Reed Hastings, the chief executive of Netflix, congratulated his team for a job well done in early July. On his public Facebook page, he crowed about the one billion hours of video that subscribers watched the previous month. The message was just 43 words.
Now, Netflix and its chief may be in deep trouble for that brief post.
On Thursday, Netflix disclosed that the Securities and Exchange Commission was considering taking action against the company and Mr. Hastings for its Facebook communication. The agency, in a so-called Wells notice, warned that it may file civil claims or seek a cease-and-desist order.
The S.E.C. is concerned that the post violated the Regulation Fair Disclosure rule, commonly known as Reg FD, which requires a company to announce information that is material to its business to all investors at the same time.
A Wells notice signaled that investigators planned to recommend charges against a company or executive. But recipients have a chance to object, and in some instances, the agency will close the case without taking action.
The move by the S.E.C. comes at a difficult time for Netflix, which has been trying to regain its footing after a series of setbacks. The company’s plan to cleave its movie-rental service into online streaming and mail delivery of DVDs led to a subscriber revolt last year. In October, the activist investor Carl C. Icahn took a 10 percent stake in the company, though he hasn’t outlined his plans.
Shares in Netflix were down 1.3 percent in after-hours trading on Thursday, at $ 85.02.
“We remain optimistic this can be cleared up quickly through the S.E.C.’s review process,” Mr. Hastings wrote on Facebook, a post that was filed with regulators.
A spokesman for Netflix declined to comment beyond Mr. Hastings’s post. A spokesman for the S.E.C. declined to comment.
On July 3, Mr. Hastings dashed out a quick Facebook post to his more than 200,000 followers. In it, he gave kudos to Netflix’s chief content officer, Ted Sarandos, about hitting a major milestone.
“When House of Cards and Arrested Development debut, we’ll blow these records away,” Mr. Hastings wrote, referring to the two television programs. “Keep going, Ted, we need even more!” Mr. Hastings seemed to mention the viewership statistics only in passing.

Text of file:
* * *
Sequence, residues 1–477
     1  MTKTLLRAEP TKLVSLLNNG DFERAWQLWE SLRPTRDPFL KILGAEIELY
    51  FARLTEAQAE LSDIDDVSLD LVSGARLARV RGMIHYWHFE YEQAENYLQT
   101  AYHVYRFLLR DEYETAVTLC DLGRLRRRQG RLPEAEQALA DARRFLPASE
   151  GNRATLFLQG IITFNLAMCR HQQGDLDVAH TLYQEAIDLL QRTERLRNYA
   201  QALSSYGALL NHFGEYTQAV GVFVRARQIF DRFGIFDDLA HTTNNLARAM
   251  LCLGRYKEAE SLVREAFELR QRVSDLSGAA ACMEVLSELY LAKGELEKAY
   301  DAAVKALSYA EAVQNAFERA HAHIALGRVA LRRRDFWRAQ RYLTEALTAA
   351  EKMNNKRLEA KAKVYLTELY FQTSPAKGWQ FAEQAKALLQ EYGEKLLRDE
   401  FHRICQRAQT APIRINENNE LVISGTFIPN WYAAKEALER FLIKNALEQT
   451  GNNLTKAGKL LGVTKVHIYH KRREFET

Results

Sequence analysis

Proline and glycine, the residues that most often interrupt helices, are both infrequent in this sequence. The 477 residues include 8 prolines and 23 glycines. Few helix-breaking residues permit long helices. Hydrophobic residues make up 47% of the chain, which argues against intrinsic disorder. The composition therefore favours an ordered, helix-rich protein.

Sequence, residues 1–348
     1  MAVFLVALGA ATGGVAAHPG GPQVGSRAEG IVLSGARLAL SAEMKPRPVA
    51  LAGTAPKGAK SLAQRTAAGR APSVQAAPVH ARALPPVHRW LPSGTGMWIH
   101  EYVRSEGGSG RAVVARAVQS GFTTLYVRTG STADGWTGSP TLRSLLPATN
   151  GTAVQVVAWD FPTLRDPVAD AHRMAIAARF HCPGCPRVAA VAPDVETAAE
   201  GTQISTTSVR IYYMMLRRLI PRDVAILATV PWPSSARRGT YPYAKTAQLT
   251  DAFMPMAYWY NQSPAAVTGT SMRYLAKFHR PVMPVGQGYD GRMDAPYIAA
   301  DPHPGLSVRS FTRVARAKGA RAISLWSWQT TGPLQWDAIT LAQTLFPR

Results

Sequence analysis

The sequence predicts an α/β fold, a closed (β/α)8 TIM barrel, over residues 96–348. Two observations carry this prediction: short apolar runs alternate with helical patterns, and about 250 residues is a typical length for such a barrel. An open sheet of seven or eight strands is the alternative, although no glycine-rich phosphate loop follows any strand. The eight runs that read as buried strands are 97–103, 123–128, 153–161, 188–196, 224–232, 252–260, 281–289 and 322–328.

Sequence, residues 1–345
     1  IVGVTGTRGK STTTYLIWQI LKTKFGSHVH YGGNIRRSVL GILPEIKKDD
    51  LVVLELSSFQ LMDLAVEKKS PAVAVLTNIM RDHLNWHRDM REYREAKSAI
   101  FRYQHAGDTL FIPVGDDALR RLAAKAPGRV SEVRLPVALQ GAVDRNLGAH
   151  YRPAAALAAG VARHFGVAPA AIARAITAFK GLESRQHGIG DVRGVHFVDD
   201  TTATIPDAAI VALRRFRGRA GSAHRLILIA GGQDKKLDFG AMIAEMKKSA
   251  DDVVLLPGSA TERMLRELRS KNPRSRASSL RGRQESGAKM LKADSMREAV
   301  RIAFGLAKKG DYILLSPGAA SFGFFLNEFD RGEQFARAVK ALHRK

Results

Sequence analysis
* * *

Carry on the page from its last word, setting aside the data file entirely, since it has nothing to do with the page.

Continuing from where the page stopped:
In the usual social media fashion, the post was forwarded by his followers. Bloggers picked up on it. Media reports cited it.
Regulation Fair Disclosure is intended to prevent the selective release of important information to some investors, depriving others of knowledge that would affect a company’s stock. A pharmaceutical company, for instance, can’t restrict news about a government investigation into one of its drugs to only a handful of shareholders.
Since the S.E.C. adopted the rule 12 years ago, companies have generally made announcements through news releases or regulatory filings. But the interpretation of that rule may be changing in an age of blogs, Facebook and Twitter.
Technology companies, in particular, tend to eschew news releases for all but the biggest announcements, instead sharing information on any number of Web outlets. The rule already allows for some exceptions, including information that is disclosed via news articles.
Mr. Hastings’s main defense is likely to be that the age of social media has redefined the concept of public disclosure. His Facebook feed is public, and the information was disseminated by his followers and the media.
It’s also possible that Netflix did not view the information as material. Mr. Hastings noted that on June 4, a Netflix vice president wrote on the corporate blog that subscribers “are enjoying nearly a billion hours per month of movies and TV shows” from the service. While Netflix’s stock rose on July 3, it was already getting a boost from a positive analyst note published the night before, Mr. Hastings wrote in Thursday’s post.
“We use blogging and social media, including Facebook, to communicate effectively with the public and our members,” Mr. Hastings wrote on Thursday.